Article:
Biomedical literature mining

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BioSys course, Technical University of Denmark, Lyngby, Denmark, October 24, 2005

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Biomedical literature mining

  1. 1. Biological Literature Mining Lars Juhl Jensen EMBL
  2. 2. Why?
  3. 3. Overview <ul><li>Information retrieval and text categorization </li></ul><ul><ul><li>Methodologies for finding and classifying texts </li></ul></ul><ul><li>Entity recognition and information extraction </li></ul><ul><ul><li>Identification of gene/protein/drug names in text </li></ul></ul><ul><ul><li>Statistical and NLP methods for relation extraction </li></ul></ul><ul><li>Text- and data-mining </li></ul><ul><ul><li>Making discoveries from text alone </li></ul></ul><ul><ul><li>Integration of text and other data types </li></ul></ul>
  4. 4. Status <ul><li>IR, ER, and simple IE methods are fairly well established </li></ul><ul><li>Advanced NLP-based IE systems are rapidly being improved </li></ul><ul><li>Methods for text mining and text/data integration are still in their infancy </li></ul>
  5. 5. Evaluation <ul><li>Computational linguist lingo </li></ul><ul><ul><li>Recall = sensitivity </li></ul></ul><ul><ul><li>Precision = specificity </li></ul></ul><ul><ul><li>F-score = 2  recall  precision/(recall+precision) </li></ul></ul><ul><ul><li>Best F-score  best method </li></ul></ul><ul><li>CASP-like assessments </li></ul><ul><ul><li>IR: TREC </li></ul></ul><ul><ul><li>ER: BioCreAtIvE task 1 </li></ul></ul><ul><ul><li>(IE: BioCreAtIvE task 2) </li></ul></ul>
  6. 6. Corpora <ul><li>Plain text </li></ul><ul><ul><li>Publication abstracts: M EDLINE </li></ul></ul><ul><ul><li>Full text papers: PubMed Central / Highwire Press </li></ul></ul><ul><ul><li>Gene summaries: SGD, The Interactive Fly, OMIM, … </li></ul></ul><ul><ul><li>Patents descriptions: various patent databases </li></ul></ul><ul><li>Tagged text </li></ul><ul><ul><li>Categorization: M EDLINE MeSH terms </li></ul></ul><ul><ul><li>Syntactic tagging: G ENIA </li></ul></ul><ul><ul><li>Semantic tagging: G ENETAG </li></ul></ul>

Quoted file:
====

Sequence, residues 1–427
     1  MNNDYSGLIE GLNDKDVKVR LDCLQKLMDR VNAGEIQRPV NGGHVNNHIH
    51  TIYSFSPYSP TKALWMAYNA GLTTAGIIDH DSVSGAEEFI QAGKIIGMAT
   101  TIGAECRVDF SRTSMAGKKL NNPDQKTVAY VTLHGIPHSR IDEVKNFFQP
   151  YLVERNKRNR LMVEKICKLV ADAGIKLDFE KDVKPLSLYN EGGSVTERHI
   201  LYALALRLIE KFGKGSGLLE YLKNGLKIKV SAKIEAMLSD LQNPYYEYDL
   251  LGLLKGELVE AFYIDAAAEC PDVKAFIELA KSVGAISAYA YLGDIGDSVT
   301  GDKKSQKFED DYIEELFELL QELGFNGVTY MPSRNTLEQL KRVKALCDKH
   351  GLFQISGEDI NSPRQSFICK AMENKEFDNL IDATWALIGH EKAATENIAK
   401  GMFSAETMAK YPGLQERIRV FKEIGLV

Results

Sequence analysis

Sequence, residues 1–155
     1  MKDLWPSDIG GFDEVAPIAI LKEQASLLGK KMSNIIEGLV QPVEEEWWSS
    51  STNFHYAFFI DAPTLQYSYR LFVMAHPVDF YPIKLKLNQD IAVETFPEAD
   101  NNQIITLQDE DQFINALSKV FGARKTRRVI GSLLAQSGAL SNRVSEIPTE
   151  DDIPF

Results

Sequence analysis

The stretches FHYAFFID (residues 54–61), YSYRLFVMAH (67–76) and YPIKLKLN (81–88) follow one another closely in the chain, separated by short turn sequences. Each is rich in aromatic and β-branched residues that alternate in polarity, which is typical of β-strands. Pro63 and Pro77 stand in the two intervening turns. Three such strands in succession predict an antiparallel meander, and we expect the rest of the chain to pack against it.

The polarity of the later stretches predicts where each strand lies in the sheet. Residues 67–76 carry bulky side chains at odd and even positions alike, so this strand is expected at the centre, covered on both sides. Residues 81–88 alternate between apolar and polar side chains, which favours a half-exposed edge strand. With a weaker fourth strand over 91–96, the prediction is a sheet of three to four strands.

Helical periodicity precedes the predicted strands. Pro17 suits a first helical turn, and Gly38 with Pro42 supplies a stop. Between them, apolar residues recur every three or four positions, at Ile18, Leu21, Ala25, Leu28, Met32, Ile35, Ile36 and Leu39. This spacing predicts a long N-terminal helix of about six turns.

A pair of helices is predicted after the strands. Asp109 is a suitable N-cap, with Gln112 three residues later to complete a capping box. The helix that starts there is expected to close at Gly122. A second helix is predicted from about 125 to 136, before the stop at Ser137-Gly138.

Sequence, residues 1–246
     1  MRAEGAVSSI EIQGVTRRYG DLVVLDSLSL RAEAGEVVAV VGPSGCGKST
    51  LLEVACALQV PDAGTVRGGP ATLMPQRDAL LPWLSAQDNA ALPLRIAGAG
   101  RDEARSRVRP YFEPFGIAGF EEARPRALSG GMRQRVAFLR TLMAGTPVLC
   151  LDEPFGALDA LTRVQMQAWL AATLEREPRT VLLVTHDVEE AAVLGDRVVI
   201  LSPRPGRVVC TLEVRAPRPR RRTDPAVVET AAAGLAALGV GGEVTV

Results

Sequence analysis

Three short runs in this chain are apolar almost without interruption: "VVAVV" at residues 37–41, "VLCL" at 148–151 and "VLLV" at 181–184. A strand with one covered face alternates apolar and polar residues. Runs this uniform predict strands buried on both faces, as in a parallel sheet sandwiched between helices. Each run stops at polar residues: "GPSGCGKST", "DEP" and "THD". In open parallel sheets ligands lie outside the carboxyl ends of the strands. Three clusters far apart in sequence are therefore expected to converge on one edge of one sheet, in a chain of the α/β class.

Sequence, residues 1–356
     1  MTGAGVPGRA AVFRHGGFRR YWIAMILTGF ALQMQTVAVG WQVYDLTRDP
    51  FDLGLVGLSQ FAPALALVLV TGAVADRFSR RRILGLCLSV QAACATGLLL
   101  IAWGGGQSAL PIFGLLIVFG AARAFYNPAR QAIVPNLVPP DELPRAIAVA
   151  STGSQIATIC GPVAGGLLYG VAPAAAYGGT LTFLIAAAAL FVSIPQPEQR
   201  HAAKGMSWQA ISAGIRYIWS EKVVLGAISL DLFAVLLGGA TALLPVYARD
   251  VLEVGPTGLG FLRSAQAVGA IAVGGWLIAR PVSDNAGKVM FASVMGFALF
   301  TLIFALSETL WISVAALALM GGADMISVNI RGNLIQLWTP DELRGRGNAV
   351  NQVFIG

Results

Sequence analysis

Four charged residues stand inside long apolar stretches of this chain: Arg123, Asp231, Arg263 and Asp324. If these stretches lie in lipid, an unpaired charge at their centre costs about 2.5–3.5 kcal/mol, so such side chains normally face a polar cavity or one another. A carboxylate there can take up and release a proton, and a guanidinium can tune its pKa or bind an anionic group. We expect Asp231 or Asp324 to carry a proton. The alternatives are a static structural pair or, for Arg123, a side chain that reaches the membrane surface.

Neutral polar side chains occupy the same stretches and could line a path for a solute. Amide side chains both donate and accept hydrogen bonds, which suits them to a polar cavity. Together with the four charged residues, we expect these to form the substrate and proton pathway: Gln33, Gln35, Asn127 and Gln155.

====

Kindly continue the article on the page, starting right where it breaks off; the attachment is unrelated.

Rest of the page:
7. 7. Example <ul><li>Mitotic cyclin (Clb2)-bound Cdc28 (Cdk1 homolog) directly phosphorylated Swe1 and this modification served as a priming step to promote subsequent Cdc5-dependent Swe1 hyperphosphorylation and degradation </li></ul>
  8. 8. Information Retrieval and Text Categorization Lars Juhl Jensen EMBL
  9. 9. Overview <ul><li>Ad hoc information retrieval </li></ul><ul><ul><li>The user enters a query/a set of keywords </li></ul></ul><ul><ul><li>The system attempts to retrieve the relevant texts from a large text corpus (typically Medline) </li></ul></ul><ul><li>Text categorization </li></ul><ul><ul><li>A training set of texts is created in which texts are manually assigned to classes (often only yes/no) </li></ul></ul><ul><ul><li>A machine learning methods is trained to classify texts </li></ul></ul><ul><ul><li>This method can subsequently be used to classify a much larger text corpus </li></ul></ul>
  10. 10. Ad hoc IR <ul><li>These systems are very useful since the user can provide any query </li></ul><ul><ul><li>The query is typically Boolean ( yeast AND cell cycle ) </li></ul></ul><ul><ul><li>A few systems instead allow the relative weight of each search term to be specified by the user </li></ul></ul><ul><li>The art is to find the relevant papers even if they do not actually match the query </li></ul><ul><ul><li>Ideally our example sentence should be extracted by the query yeast cell cycle although none of these words are mentioned </li></ul></ul>